Carl Giles is best known for his decades-long career with the Daily Express and Sunday Express newspapers, which saw him become one of the country’s most popular cartoonists.
But – despite working for Conservative newspapers, a love of the finer things in life that saw him drive a Bentley, and the apolitical tone of his work – Giles was a committed socialist. And he spent his formative years as cartoonist for the Reynold’s News, a left-wing Sunday paper owned by the Co-operative Press.
This phase of his career makes up the bulk of a new book of his cartoons from World War II, edited by Dr Tim Benson, an expert on political cartoons.
In his introduction to Giles’s War, Dr Benson says the cartoonist originally set out to work as an artist on animated films – and the influence of this remained in the detailed single-framed cartoons that won him fame.
This style was honed during his time with Reynold’s News, which began printing his work in 1937 and was to present him with the challenging subject matter of the war.
His work for the paper also featured a fictional version of himself, Young Ernie, a forerunner of the Giles family characters of his postwar work.
“Giles’s earliest cartoons at the Reynold’s News already contained the energy and wit that would make him famous,” writes Dr Benson.
“Giles later called is wartime work ‘primitive’ compared to what came after, and at times this was certainly true. However, towards the end of the war one can see that he had already honed his skills as an accomplished draughtsman.”
The war solidified his political allegience to the Reynold’s News, as he shared the paper’s dislike of prime minister Chamberlain and his policy of appeasement.
And this shared politics saw him make life-long friends among colleagues at the paper, and also write several articles.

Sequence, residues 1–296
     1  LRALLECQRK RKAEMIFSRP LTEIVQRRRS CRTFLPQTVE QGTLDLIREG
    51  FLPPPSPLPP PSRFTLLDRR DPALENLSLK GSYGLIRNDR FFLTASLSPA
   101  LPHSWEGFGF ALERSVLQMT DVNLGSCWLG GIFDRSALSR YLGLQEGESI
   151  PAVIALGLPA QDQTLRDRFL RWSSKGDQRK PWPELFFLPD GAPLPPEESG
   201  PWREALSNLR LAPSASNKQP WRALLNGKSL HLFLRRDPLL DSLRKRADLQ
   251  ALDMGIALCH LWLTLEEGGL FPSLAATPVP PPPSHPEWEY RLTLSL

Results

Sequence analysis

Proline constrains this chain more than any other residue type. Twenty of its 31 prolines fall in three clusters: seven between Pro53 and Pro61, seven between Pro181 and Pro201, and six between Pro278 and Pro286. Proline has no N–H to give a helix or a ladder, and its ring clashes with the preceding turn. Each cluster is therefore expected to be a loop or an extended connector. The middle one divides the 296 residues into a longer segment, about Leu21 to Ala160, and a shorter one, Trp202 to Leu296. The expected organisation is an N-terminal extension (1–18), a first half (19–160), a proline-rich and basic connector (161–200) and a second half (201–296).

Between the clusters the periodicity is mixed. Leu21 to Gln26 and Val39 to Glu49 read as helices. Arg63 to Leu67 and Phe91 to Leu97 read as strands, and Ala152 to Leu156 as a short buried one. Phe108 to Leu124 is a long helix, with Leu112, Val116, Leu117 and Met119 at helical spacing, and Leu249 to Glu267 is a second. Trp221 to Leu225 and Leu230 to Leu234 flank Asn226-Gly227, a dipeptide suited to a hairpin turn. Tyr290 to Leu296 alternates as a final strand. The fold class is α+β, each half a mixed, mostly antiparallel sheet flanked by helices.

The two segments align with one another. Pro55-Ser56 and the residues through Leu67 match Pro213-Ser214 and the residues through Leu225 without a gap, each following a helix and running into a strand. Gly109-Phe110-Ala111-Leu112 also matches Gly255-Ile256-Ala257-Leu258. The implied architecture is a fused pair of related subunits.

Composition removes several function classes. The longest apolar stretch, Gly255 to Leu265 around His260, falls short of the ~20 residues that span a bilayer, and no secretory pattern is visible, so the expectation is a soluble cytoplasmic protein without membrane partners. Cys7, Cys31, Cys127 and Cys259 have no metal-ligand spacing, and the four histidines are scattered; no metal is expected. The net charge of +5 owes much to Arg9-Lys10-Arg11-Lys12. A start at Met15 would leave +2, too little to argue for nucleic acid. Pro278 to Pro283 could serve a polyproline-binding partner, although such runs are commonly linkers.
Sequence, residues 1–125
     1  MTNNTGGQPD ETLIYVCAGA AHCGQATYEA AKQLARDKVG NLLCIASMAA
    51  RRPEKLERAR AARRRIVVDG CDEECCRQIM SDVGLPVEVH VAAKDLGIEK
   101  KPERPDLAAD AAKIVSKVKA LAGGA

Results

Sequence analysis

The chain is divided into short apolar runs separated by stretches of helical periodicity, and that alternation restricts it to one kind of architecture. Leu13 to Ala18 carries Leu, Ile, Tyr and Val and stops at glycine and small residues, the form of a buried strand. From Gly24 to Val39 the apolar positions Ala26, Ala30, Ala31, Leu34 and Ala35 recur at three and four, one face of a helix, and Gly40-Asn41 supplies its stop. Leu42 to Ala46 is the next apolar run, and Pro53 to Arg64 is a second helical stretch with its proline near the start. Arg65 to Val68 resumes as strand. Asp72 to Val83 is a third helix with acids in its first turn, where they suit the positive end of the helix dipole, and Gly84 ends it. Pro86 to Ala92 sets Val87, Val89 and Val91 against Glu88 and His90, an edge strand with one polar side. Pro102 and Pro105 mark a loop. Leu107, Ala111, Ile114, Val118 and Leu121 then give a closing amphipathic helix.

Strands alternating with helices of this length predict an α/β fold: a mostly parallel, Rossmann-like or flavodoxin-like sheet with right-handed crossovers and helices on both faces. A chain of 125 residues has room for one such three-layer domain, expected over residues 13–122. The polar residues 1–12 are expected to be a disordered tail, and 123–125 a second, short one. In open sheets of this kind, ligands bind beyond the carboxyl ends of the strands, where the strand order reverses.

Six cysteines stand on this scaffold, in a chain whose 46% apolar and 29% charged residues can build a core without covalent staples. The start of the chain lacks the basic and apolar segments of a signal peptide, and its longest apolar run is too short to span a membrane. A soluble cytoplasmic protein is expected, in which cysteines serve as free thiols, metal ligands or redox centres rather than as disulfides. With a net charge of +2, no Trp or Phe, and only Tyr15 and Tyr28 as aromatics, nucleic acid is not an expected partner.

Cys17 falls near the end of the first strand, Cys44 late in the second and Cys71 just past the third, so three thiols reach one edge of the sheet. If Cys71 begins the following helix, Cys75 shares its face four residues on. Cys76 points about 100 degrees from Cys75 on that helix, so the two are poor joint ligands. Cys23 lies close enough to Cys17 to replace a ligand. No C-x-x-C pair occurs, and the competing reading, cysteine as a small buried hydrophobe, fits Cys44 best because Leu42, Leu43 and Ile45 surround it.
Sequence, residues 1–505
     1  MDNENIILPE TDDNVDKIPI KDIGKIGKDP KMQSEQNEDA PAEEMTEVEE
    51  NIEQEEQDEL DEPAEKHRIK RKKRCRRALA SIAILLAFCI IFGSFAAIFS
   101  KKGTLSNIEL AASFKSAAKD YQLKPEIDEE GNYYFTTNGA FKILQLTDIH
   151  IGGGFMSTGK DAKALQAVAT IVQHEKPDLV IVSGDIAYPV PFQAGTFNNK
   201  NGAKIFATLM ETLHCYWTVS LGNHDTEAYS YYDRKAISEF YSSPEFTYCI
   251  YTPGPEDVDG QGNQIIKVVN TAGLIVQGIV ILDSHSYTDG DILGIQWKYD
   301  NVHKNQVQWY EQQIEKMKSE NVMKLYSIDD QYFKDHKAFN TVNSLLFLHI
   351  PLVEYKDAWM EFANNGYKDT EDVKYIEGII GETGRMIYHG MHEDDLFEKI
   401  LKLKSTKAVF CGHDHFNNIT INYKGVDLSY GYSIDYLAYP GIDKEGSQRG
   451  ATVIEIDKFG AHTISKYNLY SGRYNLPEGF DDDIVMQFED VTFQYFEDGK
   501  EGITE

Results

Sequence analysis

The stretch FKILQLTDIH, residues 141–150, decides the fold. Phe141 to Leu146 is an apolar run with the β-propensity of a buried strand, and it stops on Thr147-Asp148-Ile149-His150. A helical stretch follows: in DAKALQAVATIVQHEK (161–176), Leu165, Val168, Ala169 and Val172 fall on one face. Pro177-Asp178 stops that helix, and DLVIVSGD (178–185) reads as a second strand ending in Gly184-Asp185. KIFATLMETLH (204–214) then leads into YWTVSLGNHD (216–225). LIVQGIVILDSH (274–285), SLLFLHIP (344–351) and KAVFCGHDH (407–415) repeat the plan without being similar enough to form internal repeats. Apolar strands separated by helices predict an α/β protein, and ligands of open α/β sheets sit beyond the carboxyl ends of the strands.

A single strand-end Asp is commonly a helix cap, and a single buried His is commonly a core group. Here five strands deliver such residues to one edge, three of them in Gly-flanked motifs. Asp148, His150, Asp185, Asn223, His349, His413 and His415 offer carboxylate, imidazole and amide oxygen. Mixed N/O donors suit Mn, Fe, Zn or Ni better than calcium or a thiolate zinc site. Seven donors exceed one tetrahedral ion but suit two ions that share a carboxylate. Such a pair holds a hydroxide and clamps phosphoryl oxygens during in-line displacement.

But he soon felt he had outgrown the co-operative Sunday title, which offered a lower salary than its daily rivals and also had less space to run his cartoons. And, in October 1943, he switched to the Express where he would spend the rest of his career.
“Giles either felt guilty about resigning from Reynold’s News,” writes Dr Benson, “or was made to feel so by his former colleagues, who believed he had sold his soul to the Tories. This reaction hurt him deeply.”
Giles would seek to defend what he called his “Judas act” – and also declined to correct rumours that Reynold’s News had cut down his work to free up space, and claiming he had been headhunted by the Express when in fact he had approached the paper himself.
His departure was met with sorrow by Reynold’s News readers, Dr Benson notes, and even prompted one forlorn reader to send in a poem which asked “tell me, oh why have you robbed us of Giles?”
Giles’s War collects nearly 150 of his cartoons for Reynold’s News, along with his later efforts for the Express.
The cartoons offer a vivid portrayal of the war years, of Giles’s formative years, and of a brief chapter in the history of co-operative journalism, when it boasted a future icon among its ranks.